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Cyprus peace talks begin on future of divided island
January 9, 2017, 1:47 pm

The leaders of Cyprus are meeting in Geneva for UN-led talks, with optimism that they can reach a settlement to end decades of division. The UN envoy in Geneva said Greek Cypriot leader Nicos Anastasiades and his Turkish Cypriot counterpart Mustafa Akinci "really want to make this work". Previous attempts at reunifying the island have failed.

The aim is to create some kind of united but federal Cyprus where power is shared between the two communities. Cyprus has been split since Turkish troops invaded in 1974, following an Athens-inspired coup by Greek Cypriots seeking union with Greece. The northern third of the island is inhabited by Turkish Cypriots and the southern two-thirds by Greek Cypriots.

Cyprus country profile

Both leaders, said by diplomats to be genuinely committed to achieving a deal, acknowledge that there are key issues that still need to be thrashed out.
But if they make progress, leaders from the three countries that currently guarantee Cyprus's security - Britain, Greece and Turkey - will join the talks.

New UN Secretary-General Antonio Guterres, who has spoken of an "historic opportunity" for a breakthrough, will also be Geneva. UN envoy Espen Barth Eide said the two leaders still had some obstacles, but had "demonstrated a degree of will and leadership that we haven't seen for a very, very long time in Cyprus. The neighbours including Greece and Turkey seems to be willing to be helpful, maybe even more this time than before".

Talks have already been going on for some 19 months and significant stumbling blocks remain.

What are the sticking points?

Property: Top of the agenda at Monday's talks was what should happen to the properties that Greek Cypriots had to abandon in 1974? Should they get the right to take their old homes back or be compensated and if so by how much?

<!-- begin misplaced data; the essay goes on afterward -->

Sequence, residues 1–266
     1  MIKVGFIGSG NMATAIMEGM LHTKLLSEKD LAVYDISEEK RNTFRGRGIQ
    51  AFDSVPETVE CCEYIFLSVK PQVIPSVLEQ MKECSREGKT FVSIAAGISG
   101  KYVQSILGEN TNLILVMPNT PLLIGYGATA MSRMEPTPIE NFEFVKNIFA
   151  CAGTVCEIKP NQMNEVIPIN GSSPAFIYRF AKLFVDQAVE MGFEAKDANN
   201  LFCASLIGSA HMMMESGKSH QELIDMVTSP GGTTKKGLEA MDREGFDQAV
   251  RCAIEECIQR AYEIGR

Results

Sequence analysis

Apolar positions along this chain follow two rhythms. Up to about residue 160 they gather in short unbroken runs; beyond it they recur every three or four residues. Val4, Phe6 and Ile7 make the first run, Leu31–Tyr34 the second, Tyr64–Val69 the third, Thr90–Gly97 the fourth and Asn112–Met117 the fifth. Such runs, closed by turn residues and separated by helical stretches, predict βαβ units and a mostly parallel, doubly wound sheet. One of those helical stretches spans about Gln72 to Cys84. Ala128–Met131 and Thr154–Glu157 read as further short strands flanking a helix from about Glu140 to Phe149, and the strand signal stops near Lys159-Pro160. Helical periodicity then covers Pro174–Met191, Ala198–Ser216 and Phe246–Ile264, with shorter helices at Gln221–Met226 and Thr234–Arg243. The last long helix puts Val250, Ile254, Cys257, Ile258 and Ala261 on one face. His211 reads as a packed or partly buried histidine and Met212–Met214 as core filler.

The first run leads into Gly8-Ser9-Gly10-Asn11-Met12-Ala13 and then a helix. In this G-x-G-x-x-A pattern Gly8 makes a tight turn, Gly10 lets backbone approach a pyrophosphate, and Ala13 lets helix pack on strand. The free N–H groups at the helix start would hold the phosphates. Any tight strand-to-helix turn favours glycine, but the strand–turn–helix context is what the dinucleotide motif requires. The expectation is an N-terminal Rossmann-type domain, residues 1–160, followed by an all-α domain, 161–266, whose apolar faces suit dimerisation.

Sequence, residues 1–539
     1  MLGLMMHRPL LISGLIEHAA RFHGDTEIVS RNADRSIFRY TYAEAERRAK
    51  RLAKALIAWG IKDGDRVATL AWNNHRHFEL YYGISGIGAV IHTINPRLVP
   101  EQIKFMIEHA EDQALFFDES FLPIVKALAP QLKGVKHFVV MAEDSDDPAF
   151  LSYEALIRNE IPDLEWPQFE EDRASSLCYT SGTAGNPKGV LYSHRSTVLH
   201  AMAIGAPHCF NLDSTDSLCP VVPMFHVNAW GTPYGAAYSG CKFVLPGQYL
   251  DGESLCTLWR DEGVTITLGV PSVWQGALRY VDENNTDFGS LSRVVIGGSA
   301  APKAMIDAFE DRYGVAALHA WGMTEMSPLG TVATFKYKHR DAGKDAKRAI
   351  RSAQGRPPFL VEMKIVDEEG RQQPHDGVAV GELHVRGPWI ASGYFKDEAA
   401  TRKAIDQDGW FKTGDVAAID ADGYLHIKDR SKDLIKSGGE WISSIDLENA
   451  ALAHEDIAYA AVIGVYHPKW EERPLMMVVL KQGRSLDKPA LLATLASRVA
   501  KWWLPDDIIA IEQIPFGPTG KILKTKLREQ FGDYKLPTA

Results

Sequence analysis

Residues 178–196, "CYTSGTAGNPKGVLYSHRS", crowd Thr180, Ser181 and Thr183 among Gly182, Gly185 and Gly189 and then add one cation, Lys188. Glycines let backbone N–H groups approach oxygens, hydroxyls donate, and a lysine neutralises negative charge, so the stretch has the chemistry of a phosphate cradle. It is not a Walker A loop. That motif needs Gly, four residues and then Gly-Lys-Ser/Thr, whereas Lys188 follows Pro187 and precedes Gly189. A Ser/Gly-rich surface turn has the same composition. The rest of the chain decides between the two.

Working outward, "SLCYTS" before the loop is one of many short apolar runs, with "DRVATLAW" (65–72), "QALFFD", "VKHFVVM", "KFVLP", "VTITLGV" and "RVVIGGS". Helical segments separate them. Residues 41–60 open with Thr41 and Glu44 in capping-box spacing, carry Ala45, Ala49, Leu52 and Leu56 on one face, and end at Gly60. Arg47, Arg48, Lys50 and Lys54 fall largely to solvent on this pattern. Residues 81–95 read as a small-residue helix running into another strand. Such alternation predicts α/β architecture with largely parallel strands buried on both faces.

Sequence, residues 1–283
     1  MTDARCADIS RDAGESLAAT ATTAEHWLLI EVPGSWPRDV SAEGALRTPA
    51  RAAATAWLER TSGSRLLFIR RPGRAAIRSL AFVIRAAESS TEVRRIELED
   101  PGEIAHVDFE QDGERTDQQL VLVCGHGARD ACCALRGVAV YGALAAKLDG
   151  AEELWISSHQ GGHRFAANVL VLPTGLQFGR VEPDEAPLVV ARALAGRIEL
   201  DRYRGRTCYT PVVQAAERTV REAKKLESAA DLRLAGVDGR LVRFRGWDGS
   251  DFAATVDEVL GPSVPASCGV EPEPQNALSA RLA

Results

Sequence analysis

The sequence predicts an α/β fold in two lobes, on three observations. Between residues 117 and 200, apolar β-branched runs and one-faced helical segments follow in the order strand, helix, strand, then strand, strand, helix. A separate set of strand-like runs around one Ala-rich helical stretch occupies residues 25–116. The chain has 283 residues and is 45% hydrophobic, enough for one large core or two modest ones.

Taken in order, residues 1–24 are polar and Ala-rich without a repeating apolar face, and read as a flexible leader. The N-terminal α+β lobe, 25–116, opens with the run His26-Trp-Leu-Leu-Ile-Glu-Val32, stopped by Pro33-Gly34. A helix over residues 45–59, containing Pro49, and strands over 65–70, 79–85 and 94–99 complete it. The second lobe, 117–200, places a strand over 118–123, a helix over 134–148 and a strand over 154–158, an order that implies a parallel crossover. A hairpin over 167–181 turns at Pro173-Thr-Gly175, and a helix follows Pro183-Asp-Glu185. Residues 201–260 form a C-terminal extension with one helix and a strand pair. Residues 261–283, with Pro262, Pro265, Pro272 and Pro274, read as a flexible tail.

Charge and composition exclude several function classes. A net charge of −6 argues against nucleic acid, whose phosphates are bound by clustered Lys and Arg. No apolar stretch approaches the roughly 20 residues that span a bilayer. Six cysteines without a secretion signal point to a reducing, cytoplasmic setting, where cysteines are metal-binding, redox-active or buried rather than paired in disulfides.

Security: How can the security of the Turkish Cypriots be guaranteed if Turkey's estimated 30,000 troops leave? Greek Cypriots see them as an occupying force so should some stay or should Turkey retain the right to intervene?

Who would act as a guarantor of the deal. The EU of which Cyprus is already a member - or the UK, which has two military bases on the island?

Power and the role of the EU: There is talk of a rotating presidency but how would that work and could a Turkish Cypriot president really represent the country from time to time at EU summits?

Territory: How much more territory should Greek Cypriots gain to reflect the fact that they make up the majority of the island's population? UN peacekeeping forces estimate that 165,000 Greek Cypriots fled or were expelled from the north, and 45,000 Turkish Cypriots from the south, although the parties to the conflict say the figures are higher.

Any deal reached in Geneva would also have to backed by both communities in separate referendums later this year. An earlier UN reunification was backed in 2004 by a majority of Turkish Cypriots but overwhelmingly rejected by Greek Cypriots.

Source: BBC

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